New research finds schizophrenic brain attempts to reorganize itself.
A research team, made up of scientists around the globe, have released a report that shows human brains may have the ability to repair themselves, according to a report from UPI.
The team of researchers from the United Kingdom and China used Magnetic Resonance Imaging (MRI) to look at the brains of 98 patients that suffered from schizophrenia and another 83 who did not. They used a special method called “covariance analysis” to measure the increase of brain tissue. According to the report, this was the first time this type method had been used to prove the brain had the ability to reverse the effects of this type illness, and researchers are wondering if this can lead to other opportunities in medical fields.
After this stunning discovery, indicating the brain can indeed attempt to repair the damage done by the illness, the follow up will be to continue to scan the brains of patients with early signs of schizophrenia.
Research team member Dr. Jeffrey Reiss, from the London Health Sciences Centre, explains, “These findings are important not only because of their novelty and the rigor of the study, but because they point the way to the development of targeted treatments that potentially could better address some of the core pathology in schizophrenia.”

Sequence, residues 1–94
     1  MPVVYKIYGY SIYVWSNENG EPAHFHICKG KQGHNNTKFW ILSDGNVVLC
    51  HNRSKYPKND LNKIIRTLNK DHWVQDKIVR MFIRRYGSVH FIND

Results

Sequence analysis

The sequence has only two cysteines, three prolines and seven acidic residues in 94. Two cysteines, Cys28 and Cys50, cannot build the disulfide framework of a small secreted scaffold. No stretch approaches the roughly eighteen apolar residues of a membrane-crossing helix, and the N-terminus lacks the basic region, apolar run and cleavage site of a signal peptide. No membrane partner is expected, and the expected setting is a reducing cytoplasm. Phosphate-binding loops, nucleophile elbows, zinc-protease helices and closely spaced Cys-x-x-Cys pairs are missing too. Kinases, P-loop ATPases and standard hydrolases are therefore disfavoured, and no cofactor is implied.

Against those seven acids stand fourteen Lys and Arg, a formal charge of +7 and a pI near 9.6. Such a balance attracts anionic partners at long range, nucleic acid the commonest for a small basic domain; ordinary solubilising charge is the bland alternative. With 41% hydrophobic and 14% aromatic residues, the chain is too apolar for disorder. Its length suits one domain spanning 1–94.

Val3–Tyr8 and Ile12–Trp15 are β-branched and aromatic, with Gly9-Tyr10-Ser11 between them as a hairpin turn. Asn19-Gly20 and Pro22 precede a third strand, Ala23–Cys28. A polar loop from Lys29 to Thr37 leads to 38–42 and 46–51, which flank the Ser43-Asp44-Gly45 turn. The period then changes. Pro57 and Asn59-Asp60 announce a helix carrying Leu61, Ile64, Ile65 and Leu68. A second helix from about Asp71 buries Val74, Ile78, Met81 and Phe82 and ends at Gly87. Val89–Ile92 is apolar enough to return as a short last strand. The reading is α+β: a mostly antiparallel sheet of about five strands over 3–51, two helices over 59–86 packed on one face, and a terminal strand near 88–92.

“Brain plasticity and the development of related therapies would contribute to a new optimism in an illness that was 100 years ago described as premature dementia for its seemingly progressive deterioration,” continued Dr. Reiss.
Dr. Lena Palaniyappan, Medical Director at the Prevention & Early Intervention Program for Psychoses at London Science Centre and another member of the research team, adds even state-of-art treatments aim for a reduction in the cognitive and functional deficits related to the illness. But, the new research revealed, despite the severity of the damage to the brain’s tissue, the patient’s brain is constantly attempting to reorganize itself.
Palaniyappan adds the brain appeared to be trying to rescue itself or at least limit the damage caused.
The findings from this new research were published in the journal Psychology Medicine.